Braai with caution, eat with abandon

DIY Korean fusion BBQ in Cape Town’s city centre

Last Updated: 07 September 2017

“Everything in South Korea starts and ends with galbi,” reminisces a slightly nostalgic Coenraad Groenewald, founder of Cape Town’s only Korean BBQ fusion restaurant and, quite honestly, the last man you’d pick out of a line-up of Asian eatery owners.

Tall, gangly, white and Afrikaans, Coenraad was most likely as much an anomaly to the nation of South Korea - where he spent three and a half years teaching English –as his Korean braai spot is to South Africans.

His eatery, open since April 2011, is tucked away down an alley entrance between Loop St and Long St in the city centre, and it’s the kind of place you could imagine would inspire a committed Cape Town cult following. All the elements are there: an off-beat, novel concept, quirky, industrial décor, a hidden location and, of course, a mouth-watering menu that features both unfamiliar offerings and South African cultural cornerstones (fire and meat).

Galbi, which literally means “rib” in Korean, has evolved to become more of a catchphrase for “going to get barbecue,” Coenraad explains. “In Korea, you don’t really drink without eating, so the galbi houses are largely social experiences.”

And though Coenraad and his business partner Louis Smit have, understandably, adapted the notion in a number of ways, their Asian fusion restaurant is, nonetheless, centred on sharing and interacting.

The belly of each of the restaurant’s wooden tables has been hollowed out to make space for an imported Korean grill. Copper piping and extractor fans – also of Korean origin – wind their way along the ceiling of the eatery.

Diners have fun cooking their own meat (or vegetables) over live coals. The bench seating makes for a nice gathering, as people are seated across from each other and shoulder to shoulder.

The main dishes include a hearty selection of Korean flavours and South African mainstays. Served with the main dish is the 100g portions of options like ostrich, beef fillet, Daegi Galbi (thin strips of pork belly prepared in a Korean marinade) and vegetarian skewers.

“Gun bae (cheers),” Coenraad says as he hands me a Cucumber SojuCrush. This brainwave mixes Jinro Soju – a fermented rice-based Korean alcohol – with cucumber extract, mint leaves, lime juice and freshly pressed pineapple juice in a remarkably refreshing version of a classic mojito.

“Gun bae!” my colleagues and I say in response as we watch him bring the centre of our table to life with a medieval-looking bucket of burning embers.

Like most South Africans, our Korean knowledge base leaves something to be desired, so Coenraad takes the liberty of ordering for us and educating us – a point that ensures you take away more from the unconventional eating experience than just a full belly. So, there’s no need to be an expert in Korean cuisine, you merely need to arrive with an appetite, an open mind and a love for the braai; though, even the most unadventurous eater will be happy to hear that there is an à la carte menu.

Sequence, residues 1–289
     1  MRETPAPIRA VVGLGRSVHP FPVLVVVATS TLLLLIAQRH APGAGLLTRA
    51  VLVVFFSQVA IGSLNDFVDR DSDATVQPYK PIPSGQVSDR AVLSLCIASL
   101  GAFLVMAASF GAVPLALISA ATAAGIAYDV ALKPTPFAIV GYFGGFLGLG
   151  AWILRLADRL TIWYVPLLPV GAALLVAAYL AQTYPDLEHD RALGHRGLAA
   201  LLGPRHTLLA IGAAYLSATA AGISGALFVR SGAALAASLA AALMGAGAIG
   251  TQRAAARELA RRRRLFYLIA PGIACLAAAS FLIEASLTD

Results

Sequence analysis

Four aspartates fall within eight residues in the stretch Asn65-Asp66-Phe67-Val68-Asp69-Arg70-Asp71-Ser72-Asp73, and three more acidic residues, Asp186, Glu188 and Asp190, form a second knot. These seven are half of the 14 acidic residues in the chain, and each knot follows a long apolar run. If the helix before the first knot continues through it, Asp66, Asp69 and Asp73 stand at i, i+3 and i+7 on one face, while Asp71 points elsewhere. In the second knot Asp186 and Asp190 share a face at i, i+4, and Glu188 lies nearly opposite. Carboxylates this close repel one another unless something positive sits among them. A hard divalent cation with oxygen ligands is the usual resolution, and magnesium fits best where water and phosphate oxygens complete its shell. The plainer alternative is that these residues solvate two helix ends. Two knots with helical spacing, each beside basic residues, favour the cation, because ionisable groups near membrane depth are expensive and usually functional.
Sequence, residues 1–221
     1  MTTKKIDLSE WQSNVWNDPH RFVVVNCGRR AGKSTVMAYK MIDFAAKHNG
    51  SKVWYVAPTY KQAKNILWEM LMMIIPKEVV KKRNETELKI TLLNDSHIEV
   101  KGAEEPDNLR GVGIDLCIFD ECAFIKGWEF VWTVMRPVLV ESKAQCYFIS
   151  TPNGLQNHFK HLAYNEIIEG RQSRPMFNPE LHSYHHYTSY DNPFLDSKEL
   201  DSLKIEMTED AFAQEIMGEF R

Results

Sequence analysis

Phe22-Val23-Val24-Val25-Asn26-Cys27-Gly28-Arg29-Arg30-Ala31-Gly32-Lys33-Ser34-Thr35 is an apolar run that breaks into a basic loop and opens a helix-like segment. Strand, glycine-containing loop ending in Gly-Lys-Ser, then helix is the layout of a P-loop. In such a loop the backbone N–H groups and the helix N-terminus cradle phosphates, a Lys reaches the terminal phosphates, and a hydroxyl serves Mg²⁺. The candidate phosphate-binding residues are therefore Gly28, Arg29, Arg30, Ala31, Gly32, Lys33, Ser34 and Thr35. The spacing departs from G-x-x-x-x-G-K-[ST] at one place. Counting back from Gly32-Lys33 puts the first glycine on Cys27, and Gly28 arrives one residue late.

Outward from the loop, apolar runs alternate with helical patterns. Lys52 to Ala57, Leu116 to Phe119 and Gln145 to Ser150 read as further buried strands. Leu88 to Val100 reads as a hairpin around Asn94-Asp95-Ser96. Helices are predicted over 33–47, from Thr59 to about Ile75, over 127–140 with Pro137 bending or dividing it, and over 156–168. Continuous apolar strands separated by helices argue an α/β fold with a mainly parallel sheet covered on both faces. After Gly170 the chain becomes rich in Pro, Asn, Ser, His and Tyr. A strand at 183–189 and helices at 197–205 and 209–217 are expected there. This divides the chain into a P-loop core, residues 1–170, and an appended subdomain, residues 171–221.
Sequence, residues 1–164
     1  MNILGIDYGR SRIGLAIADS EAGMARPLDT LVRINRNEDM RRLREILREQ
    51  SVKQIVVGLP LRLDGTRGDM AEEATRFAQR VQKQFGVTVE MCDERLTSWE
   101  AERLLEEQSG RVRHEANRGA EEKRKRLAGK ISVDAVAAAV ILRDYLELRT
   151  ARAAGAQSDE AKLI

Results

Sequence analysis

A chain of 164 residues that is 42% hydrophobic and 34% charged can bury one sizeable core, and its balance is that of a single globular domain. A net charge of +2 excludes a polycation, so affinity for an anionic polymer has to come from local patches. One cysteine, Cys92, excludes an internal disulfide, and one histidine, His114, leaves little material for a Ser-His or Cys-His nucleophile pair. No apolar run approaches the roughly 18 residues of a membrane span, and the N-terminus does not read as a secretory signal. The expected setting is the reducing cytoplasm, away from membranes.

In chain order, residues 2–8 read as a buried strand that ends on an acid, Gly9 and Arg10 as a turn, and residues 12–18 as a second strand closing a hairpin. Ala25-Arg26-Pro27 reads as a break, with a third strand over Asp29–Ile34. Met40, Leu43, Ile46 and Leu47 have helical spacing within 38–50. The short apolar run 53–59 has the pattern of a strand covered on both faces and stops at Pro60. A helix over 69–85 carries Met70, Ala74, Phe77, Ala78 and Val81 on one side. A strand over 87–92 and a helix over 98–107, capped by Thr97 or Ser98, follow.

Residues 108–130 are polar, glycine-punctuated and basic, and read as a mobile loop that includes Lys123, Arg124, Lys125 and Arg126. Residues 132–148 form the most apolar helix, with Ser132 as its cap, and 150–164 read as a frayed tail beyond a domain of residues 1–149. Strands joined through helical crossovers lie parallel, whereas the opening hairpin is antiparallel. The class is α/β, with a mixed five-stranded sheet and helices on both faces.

Next thing, a parade of meat platters rain down from the kitchen, and on their heels a wild assortment of little bowls of tasty accompaniments: Kimchi (Korea’s spicy, fermented Chinese cabbage dish), sweet potato fries with a jalapeno dipping sauce, Sigumchi (spinach tossed with garlic, sesame oil, soy sauce and sesame seeds), baked butternut, grilled zucchini and, finally, a traditional Korean Hot Stone pot of Doenjjang Jjigae – a savoury soup of Korean soybean paste, baby marrow, tofu and potatoes that Koreans typically eat at the end of a meal.

After an overwhelming minute of shock, Coenraad hands us three braai tongs and two sharp scissors intended for cutting the meat.

“Koreans share everything,” he says. “Even if you went to a Spur, they’d cut the steak into little pieces and dish up for everyone,” he explains encouraging us to follow suit.

We look at each other warily, pick up our dainty metal chopsticks (a style unique to Korea) and then, without further ado, cast the meat on the grill and get cooking.

Though a bit touch-and-go at first, the initial whirlwind that descended – a phenomenon that Coenraad pointed out is in-line with the Bali Bali (quickly, quickly) culture of Korea – slowly dissipates, and a meal as rich in banter as it is in taste comes to rest.

“Diiiinng!”

At the sound of the bell placed on our table, Coenraad comes rushing to us. Just like in Korea, diners can call their waiter by pressing a button, that way you don’t feel overwhelmed by the constant visit from the staff.

“Is everything alright?” he asks, a concerned look on his face.

“Perfect,” says my colleague,” I just wanted to press the button.”

Tip: Koreans typically roll their galbi into pieces of cos lettuce and then add a number of flavourful fillings. Ask about these wraps, and don’t be afraid to let Coenraad recommend a few especially foreign-sounding dishes.

Opening Hours: Monday: 5pm - 10pm; Tuesday – Saturday: 5pm - 10pm. Bookings are required for lunch hours by calling +27 (0)21 424 3030.

The Bill: Middle of the road. While this certainly isn’t your budget Chinese takeaway, it’s also not five-star Oriental fusion. Starters range from R11 to R68, sides from R22 to R38, individual 100g portions of selected meat from R35 to R55 and sharing platters, perfect for two, range from R140 to R290.

210 Long Street | Alley Entrance on Bloem St | Cape Town | +27 (0) 21 424 3030

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Find out about Galbi's Free Wine Wednesday special offered exclusively to CapeTownMagazine.com readers; and read more about Asian restaurants in Cape Town

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